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The UAW and It's Effects on the City of Detroit - Term Paper Example

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The United Auto Workers Union and It's Effects on the City of Detroit Institution Name Author Note The United Auto Workers Union and Its Effects on the City of Detroit Introduction A company’s relationship with its employees is not necessarily smooth as intended…
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The UAW and Its Effects on the City of Detroit
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"The UAW and It's Effects on the City of Detroit"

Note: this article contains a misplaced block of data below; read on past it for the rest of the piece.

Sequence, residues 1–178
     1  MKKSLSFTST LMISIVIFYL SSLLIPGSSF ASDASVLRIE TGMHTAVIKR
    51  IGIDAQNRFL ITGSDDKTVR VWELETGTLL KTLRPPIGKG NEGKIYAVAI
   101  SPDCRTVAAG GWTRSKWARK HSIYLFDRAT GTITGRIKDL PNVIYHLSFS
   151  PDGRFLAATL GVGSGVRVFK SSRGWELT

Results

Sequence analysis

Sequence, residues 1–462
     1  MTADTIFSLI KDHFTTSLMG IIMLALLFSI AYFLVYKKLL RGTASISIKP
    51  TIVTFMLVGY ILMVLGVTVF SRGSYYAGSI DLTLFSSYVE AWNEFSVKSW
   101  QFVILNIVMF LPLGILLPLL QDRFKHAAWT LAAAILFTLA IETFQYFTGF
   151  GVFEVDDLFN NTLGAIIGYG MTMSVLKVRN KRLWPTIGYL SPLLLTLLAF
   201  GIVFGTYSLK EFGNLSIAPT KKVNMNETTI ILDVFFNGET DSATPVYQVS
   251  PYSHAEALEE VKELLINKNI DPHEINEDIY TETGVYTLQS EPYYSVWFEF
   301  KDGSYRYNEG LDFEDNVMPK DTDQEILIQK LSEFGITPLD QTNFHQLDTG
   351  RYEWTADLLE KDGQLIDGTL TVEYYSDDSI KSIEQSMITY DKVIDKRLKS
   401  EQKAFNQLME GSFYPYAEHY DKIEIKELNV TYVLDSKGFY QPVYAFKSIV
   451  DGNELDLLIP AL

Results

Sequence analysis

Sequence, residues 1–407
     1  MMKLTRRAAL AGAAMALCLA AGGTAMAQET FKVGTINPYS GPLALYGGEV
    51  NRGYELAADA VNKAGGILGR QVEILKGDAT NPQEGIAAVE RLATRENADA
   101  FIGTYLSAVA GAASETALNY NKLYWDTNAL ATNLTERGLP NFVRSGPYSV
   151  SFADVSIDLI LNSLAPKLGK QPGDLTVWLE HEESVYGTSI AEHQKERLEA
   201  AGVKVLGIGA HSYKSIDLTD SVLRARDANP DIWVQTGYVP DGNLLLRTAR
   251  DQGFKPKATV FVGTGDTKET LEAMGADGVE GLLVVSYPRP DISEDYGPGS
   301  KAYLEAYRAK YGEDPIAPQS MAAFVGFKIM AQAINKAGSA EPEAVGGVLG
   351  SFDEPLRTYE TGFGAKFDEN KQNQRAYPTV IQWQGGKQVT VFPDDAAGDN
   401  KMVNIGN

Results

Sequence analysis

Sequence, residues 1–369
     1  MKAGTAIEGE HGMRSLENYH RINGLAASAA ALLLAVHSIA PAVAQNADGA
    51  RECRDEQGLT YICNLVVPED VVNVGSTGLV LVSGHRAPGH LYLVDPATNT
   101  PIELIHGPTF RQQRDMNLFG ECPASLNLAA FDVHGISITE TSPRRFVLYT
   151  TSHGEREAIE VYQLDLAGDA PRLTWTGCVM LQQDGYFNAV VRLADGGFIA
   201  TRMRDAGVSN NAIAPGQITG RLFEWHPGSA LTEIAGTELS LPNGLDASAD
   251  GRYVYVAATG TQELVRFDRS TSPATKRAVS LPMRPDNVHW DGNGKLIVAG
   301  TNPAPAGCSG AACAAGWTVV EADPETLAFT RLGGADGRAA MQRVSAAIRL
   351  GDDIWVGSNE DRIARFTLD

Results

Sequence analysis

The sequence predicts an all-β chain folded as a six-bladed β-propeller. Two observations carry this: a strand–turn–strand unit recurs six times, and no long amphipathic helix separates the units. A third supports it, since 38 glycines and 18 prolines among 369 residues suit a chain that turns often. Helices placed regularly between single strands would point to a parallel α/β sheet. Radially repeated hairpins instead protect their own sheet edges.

Download file to see previous pages A popular third party representation for almost any labor or industry type is referred to as the labor unions. These unions are comprised of workers from within the company and industry; their collective function is to bridge the gap between the employees and employer through communication and serve as an organized voice for all employees. A labor union’s main objective varies and depends on the employees’ needs or grievances. However, majority of these objectives are geared towards the well-being of employees -- health care benefits, good or improved working conditions, increased salary to accommodate rising costs of living, skills enhancement, contract longevity, and so on. Employers, on the other hand, establish the relationship with labor unions through certain access to facts (e.g., profit, loss, operation costs, labor costs, et cetera) to which negotiation and a coordinated decision-making is firmly grounded. This access and hearing out of employer’s side enables the labor union to observe impartiality. On a labor union’s perspective, this may also permit them to come up with demands that are realistically feasible for employers to meet. However, this does not work all the time. There are times when labor unions inadvertently choke up the business and industry with their demands. This challenge calls for a more diverse and flexible approach from labor unions. One such labor union, alleged of choking up the auto-making industry in Detroit, Michigan, is the United Auto Workers Union or UAW. This paper attempts to explore the effects of this labor union to the core industry of Detroit City. The UAW Founded in 1935 and is considered to be “one of the largest in North America,” the United Auto Workers Union (UAW) accomplished its pioneering work of “expanding the nation’s labor movement” as well as establishing the standards of labor conditions through “generous pension, health care, and job security provisions” (“United Automobile Workers,” 2011, para. 1). Evidently, the UAW was successful in bringing about improvement in the working conditions of auto-laborers in vast coverage and was expected to continue growing and carrying out its mission. However, the year 1970 had marked the start of UAW’s turbulent years ahead; the “shrinking of the North American auto industry” and “the crisis that engulfed” Detroit’s Big Three (i.e., General Motors, Ford, and Chrysler) had set the “downward path” for the labor union (“United Automobile Workers,” 2011, para. 2). This series of crises had not just hurt the industry but also hurts the employees, as well. Inevitably, industries have to lower overall costs and the pressure of lowering these costs weigh down on the laborers’ wage and benefits. Consequently, companies cannot afford anymore the costs of benefits demanded by laborers and the UAW. Companies and employees are torn between retrenchment and retaining but in the expense of lower wages and/or lesser benefits. Most laborers chose the latter and around December 2008, UAW membership among the Big Three’s, General Motors, Ford, and Chrysler, declined -- from 305, 000 to 139, 000 workers (“United Automobile Workers,” 2011). The Automakers’ fall Looking close, particular advancements in the auto industry had paved the way for Detroit’s demise. Price (2000) collectively called these advancements the “ ...Download file to see next pagesRead More
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